Astronomy has given us a soul capable of comprehending nature
Governments and parliaments must find that astronomy is one of the sciences which cost most dear: the least instrument costs hundreds of thousands of dollars, the least observatory costs millions; each eclipse carries with it supplementary appropriations. And all that for stars which are so far away, which are complete strangers to our electoral contests, and in all probability will never take any part in them. It must be that our politicians have retained a remnant of idealism, a vague instinct for what is grand; truly, I think they have been calumniated; they should be encouraged and shown that this instinct does not deceive them, that they are not dupes of that idealism.
We might indeed speak to them of navigation, of which no one can underestimate the importance, and which has need of astronomy. But this would be to take the question by its smaller side.
Astronomy is useful because it raises us above ourselves; it is useful because it is grand; that is what we should say. It shows us how small is man's body, how great his mind, since his intelligence can embrace the whole of this dazzling immensity, where his body is only an obscure point, and enjoy its silent harmony. Thus we attain the consciousness of our power, and this is some-thing which can not cost too dear, since this consciousness makes us mightier.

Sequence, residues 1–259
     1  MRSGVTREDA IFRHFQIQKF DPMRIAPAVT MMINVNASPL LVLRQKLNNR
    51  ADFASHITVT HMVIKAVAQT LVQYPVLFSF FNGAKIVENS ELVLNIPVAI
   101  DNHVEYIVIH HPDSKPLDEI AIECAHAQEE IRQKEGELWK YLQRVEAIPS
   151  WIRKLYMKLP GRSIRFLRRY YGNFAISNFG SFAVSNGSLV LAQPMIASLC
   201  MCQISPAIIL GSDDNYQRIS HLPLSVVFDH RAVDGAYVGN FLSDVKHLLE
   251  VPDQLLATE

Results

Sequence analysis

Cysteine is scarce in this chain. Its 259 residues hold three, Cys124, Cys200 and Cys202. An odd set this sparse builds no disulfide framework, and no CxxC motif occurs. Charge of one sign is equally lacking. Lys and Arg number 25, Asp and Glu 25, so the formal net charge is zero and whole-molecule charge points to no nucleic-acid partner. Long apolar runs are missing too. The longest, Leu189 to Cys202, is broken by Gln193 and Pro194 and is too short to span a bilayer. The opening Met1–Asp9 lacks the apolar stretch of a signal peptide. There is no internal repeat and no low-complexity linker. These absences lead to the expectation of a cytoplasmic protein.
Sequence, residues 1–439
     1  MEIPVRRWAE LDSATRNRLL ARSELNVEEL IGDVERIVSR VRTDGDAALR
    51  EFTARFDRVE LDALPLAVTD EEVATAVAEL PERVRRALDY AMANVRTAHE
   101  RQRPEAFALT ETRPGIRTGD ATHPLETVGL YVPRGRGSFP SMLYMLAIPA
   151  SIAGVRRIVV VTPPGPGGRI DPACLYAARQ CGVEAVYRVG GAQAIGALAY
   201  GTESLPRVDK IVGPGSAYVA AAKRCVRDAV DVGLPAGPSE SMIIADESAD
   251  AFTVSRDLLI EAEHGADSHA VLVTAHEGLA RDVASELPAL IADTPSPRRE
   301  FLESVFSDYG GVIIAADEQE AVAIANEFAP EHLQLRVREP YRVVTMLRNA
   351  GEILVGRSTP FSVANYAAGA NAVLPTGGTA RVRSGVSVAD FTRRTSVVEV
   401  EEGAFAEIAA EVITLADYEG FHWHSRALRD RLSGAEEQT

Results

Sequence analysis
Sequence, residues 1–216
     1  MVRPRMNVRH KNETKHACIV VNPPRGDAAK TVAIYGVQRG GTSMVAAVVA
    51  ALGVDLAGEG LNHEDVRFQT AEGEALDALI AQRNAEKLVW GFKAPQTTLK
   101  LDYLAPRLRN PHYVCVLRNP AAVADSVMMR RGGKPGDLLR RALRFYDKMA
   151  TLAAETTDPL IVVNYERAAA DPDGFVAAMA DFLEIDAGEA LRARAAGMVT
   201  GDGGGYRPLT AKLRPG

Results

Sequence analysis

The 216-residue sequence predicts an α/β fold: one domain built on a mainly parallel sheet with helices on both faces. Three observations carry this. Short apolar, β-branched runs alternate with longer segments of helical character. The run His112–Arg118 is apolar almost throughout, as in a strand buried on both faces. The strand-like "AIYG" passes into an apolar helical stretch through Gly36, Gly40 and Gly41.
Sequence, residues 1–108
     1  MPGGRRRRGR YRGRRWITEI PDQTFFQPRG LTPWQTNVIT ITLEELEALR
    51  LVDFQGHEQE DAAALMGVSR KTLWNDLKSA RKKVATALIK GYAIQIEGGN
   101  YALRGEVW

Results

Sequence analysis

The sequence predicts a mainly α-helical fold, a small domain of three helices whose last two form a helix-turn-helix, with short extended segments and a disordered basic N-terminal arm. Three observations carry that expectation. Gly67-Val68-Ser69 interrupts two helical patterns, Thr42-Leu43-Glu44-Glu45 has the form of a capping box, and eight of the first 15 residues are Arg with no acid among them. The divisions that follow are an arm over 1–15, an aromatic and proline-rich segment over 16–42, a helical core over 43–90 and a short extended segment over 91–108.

But what I should wish before all to show is, to what point astronomy has facilitated the work of the other sciences, more directly useful, since it has given us a soul capable of comprehending nature.
Think how diminished humanity would be if, under heavens constantly overclouded, as Jupiter's must be, it had forever remained ignorant of the stars. Do you think that in such a world we should be what we are?
An inefficient virus kills its host. A clever virus stays with it.
When you lay down outside, looking up at the sky, you’re actually staring down into an infinite cosmic abyss with only the earth’s gravity stopping you from drifting off forever.
Source : dull_delinquent on Reddit
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I revere [trees] when they live in tribes and families, in forests and groves. And even more I revere them when they stand alone. They are like lonely persons. Not like hermits who have stolen away out of some weakness, but like great, solitary men, like Beethoven and Nietzsche. In their highest boughs the world rustles, their roots rest in infinity; but they do not lose themselves there, they struggle with all the force of their lives for one thing only: to fulfill themselves according to their own laws, to build up their own form, to represent themselves. […] A tree says: The attempt and the risk that the eternal mother took with me is unique, unique the form and veins of my skin, unique the smallest play of leaves in my branches and the smallest scar on my bark. I was made to form and reveal the eternal in my smallest special detail.